Most Innovation Efforts Yield Poor ROI
We try and stay pretty positive about innovation and disruption – after all, it is what we do for a living. However, I saw this article recently, and it struck a chord with our entire team.
From the article, we agree with the author’s points about:
- Most people working innovation labs tend to conflate innovation with creativity.
- A lot of innovation labs are working on projects that are not aligned with the parent company’s strategic goals.
- Innovation labs need to have a strategic focus.
- The job of an innovation manager is not to imitate the outcomes of innovative companies (i.e. ping pong tables and bean bags), but to understand and implement innovation practices to create one.
- After many years, most innovation labs have to demonstrate impact.
How Do You Know If Your Innovation Effort Needs Disrupting?
I am proud that (before it was all the rage) I was one of the 1st Chief Innovation Officers in healthcare. As part of a $12-billion-dollar machine that had been running pretty much the same way for 75 years, I certainly found the task daunting. Coming from the startup world, where I had successfully helped launch national healthcare disruptors like RediClinic and The Little Clinic, it was a shock to the system (mine and theirs). That journey is food for another story. However, my time there changed me in a very positive way, and I am certainly pleased with the results.
I mention it, however, because the article above made me realize what I could not verbalize but was feeling – most corporate innovation programs are little more than “innovation as theater.” Even with best intentions, many of them have missed their purpose, which is to disrupt. Instead, many innovation managers busy themselves (and burden others) with the non-essential work.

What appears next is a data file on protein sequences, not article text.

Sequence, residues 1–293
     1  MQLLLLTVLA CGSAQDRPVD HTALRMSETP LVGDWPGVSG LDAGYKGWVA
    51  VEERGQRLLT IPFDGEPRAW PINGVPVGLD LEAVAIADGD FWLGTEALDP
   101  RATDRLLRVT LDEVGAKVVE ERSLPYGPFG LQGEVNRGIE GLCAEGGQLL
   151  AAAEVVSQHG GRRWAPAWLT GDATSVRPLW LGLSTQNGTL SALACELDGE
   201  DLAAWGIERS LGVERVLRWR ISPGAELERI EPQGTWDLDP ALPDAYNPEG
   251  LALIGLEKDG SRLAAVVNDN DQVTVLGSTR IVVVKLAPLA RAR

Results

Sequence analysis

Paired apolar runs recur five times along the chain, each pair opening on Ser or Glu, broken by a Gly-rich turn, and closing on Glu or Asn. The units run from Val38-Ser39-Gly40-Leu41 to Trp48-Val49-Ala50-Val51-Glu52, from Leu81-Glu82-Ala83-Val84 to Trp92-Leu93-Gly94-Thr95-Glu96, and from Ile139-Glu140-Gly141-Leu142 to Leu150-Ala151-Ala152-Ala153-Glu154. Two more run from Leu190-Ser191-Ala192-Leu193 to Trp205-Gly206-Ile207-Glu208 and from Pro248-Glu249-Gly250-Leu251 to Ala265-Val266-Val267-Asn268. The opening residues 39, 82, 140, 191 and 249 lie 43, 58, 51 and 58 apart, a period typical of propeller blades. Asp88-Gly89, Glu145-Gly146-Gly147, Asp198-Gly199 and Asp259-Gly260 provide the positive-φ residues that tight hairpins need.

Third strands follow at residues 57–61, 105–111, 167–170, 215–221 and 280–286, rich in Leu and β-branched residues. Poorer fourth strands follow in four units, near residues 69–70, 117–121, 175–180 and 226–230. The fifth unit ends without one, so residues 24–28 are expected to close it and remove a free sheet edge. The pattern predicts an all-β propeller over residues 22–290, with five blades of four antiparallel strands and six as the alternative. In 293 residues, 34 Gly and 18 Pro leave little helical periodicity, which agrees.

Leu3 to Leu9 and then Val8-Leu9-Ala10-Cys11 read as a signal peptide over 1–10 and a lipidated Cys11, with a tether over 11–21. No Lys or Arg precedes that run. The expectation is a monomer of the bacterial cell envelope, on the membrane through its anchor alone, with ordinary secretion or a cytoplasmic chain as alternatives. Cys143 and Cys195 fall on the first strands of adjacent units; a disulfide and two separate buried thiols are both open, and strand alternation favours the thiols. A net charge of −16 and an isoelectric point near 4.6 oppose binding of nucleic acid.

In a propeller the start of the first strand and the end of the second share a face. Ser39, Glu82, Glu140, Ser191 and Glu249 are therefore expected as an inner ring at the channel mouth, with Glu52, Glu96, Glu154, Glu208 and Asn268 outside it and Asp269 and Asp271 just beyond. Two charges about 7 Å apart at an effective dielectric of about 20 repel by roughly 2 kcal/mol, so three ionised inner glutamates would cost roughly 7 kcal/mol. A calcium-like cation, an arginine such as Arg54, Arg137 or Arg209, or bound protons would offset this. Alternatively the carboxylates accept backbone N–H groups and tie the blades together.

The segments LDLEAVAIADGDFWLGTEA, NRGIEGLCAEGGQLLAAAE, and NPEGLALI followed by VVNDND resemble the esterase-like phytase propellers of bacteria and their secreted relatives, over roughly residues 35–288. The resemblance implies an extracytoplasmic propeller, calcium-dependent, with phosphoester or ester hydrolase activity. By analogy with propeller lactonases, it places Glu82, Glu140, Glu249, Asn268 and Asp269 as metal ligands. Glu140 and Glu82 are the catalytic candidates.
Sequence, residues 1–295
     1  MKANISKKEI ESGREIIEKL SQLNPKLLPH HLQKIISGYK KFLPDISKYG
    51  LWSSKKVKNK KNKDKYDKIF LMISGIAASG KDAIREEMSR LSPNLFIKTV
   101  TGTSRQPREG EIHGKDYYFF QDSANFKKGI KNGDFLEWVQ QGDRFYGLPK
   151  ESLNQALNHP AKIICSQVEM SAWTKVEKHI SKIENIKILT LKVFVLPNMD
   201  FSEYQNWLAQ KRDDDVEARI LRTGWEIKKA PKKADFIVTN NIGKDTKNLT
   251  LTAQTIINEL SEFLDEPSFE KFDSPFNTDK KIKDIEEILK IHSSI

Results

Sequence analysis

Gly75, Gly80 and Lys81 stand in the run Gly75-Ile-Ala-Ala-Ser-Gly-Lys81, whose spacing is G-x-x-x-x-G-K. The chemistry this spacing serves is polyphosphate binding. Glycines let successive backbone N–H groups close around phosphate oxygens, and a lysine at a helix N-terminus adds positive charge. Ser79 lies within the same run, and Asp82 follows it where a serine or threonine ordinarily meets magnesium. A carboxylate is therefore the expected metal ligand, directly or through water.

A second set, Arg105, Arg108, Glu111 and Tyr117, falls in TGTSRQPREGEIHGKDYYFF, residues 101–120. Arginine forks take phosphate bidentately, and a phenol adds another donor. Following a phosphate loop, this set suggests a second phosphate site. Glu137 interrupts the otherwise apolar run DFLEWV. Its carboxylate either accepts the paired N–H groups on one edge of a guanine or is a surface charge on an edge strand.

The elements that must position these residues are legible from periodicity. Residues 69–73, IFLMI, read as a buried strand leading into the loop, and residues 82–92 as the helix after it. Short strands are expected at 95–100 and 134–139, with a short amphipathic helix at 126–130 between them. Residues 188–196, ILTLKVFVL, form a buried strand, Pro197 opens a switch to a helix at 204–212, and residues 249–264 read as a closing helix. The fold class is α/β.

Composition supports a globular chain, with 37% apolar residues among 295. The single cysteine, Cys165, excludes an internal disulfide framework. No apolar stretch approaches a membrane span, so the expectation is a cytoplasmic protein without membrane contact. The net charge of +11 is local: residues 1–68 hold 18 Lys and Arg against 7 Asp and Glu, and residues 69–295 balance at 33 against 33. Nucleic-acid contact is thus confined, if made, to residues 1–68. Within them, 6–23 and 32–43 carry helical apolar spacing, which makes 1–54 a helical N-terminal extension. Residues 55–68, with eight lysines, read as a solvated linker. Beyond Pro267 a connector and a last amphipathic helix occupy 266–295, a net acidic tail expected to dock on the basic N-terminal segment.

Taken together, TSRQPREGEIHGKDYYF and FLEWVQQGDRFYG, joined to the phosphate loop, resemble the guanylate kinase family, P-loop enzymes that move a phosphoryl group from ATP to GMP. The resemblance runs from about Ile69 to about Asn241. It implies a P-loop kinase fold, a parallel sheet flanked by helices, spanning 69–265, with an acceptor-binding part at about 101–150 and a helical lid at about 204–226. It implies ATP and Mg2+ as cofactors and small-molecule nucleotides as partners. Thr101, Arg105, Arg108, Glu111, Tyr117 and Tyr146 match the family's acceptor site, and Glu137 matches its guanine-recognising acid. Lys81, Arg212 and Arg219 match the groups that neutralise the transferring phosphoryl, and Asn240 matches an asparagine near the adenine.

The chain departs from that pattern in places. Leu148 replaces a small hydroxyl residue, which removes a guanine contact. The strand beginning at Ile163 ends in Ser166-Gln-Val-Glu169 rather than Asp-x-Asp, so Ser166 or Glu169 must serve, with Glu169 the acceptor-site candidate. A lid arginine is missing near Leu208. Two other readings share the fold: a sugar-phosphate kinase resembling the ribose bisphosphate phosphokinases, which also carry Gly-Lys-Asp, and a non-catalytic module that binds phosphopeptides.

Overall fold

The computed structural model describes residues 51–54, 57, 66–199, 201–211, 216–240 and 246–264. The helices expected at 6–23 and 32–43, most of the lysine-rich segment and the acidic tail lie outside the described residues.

We decided to add in a few self-check questions that we believe all innovation managers should ask themselves. And if the answer is “Yes” (please be honest here) to most of them – then you probably need to rethink your innovation efforts.
- Is your Innovation Lab more than walking distance for more than 95% of your employee base?If so, bad idea. Innovation is for anyone who can contribute – incrementally or significantly. Who are we to think innovation only lies with a small team? This approach is a sure fire way of creating the “us vs. them” scenario.
- Do less than half of your “market ready” innovation projects get adopted by the core business?If so, then you are probably innovating for yourself. If no one wants or can use your best work, then you are not aligned with the work of the “core.” Remember, it is the big machine that pays for your experiments (and expresso machine and bean bags). You have to be meaningful to them if you want your work to take root in the market and grow.
- Do you spend more time at innovation conferences than producing successful “market ready” innovation projects? This one should be obvious. No one can tell you what will disrupt your business better than you. That is what you are paid to do. As fast as you can, learn the basics of minimum viable product development and agile methodology – and get busy disrupting. If you want some help learning or doing – call us because this is what we do best.
Well, that is what we think at least. But hey, we could be wrong. Let us know one way or the other.
To your health,
The Team at imagine.GO
- Forbes: Five Reasons Your Boss Was Right To Shut Down Your Innovation Lab, Tendayi Viki
- Forbes, Innovation At UnitedHealthcare Has A Human Face, Jonathan Baskin
- NYU Tandon School of Engineering, CITE Game Innovation Lab